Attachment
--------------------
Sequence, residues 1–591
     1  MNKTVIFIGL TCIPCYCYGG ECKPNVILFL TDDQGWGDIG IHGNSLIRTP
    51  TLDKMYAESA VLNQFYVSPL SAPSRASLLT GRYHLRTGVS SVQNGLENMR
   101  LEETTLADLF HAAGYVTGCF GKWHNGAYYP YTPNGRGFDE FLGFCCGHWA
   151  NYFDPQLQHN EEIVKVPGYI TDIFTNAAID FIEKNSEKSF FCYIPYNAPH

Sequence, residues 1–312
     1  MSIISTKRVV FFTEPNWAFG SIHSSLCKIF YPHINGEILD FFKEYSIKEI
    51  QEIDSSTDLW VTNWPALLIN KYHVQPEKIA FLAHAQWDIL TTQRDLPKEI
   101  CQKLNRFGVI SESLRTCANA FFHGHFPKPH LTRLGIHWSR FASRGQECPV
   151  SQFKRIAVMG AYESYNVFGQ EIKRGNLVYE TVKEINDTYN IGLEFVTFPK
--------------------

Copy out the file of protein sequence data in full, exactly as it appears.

Sequence, residues 1–591
     1  MNKTVIFIGL TCIPCYCYGG ECKPNVILFL TDDQGWGDIG IHGNSLIRTP
    51  TLDKMYAESA VLNQFYVSPL SAPSRASLLT GRYHLRTGVS SVQNGLENMR
   101  LEETTLADLF HAAGYVTGCF GKWHNGAYYP YTPNGRGFDE FLGFCCGHWA
   151  NYFDPQLQHN EEIVKVPGYI TDIFTNAAID FIEKNSEKSF FCYIPYNAPH

Sequence, residues 1–312
     1  MSIISTKRVV FFTEPNWAFG SIHSSLCKIF YPHINGEILD FFKEYSIKEI
    51  QEIDSSTDLW VTNWPALLIN KYHVQPEKIA FLAHAQWDIL TTQRDLPKEI
   101  CQKLNRFGVI SESLRTCANA FFHGHFPKPH LTRLGIHWSR FASRGQECPV
   151  SQFKRIAVMG AYESYNVFGQ EIKRGNLVYE TVKEINDTYN IGLEFVTFPK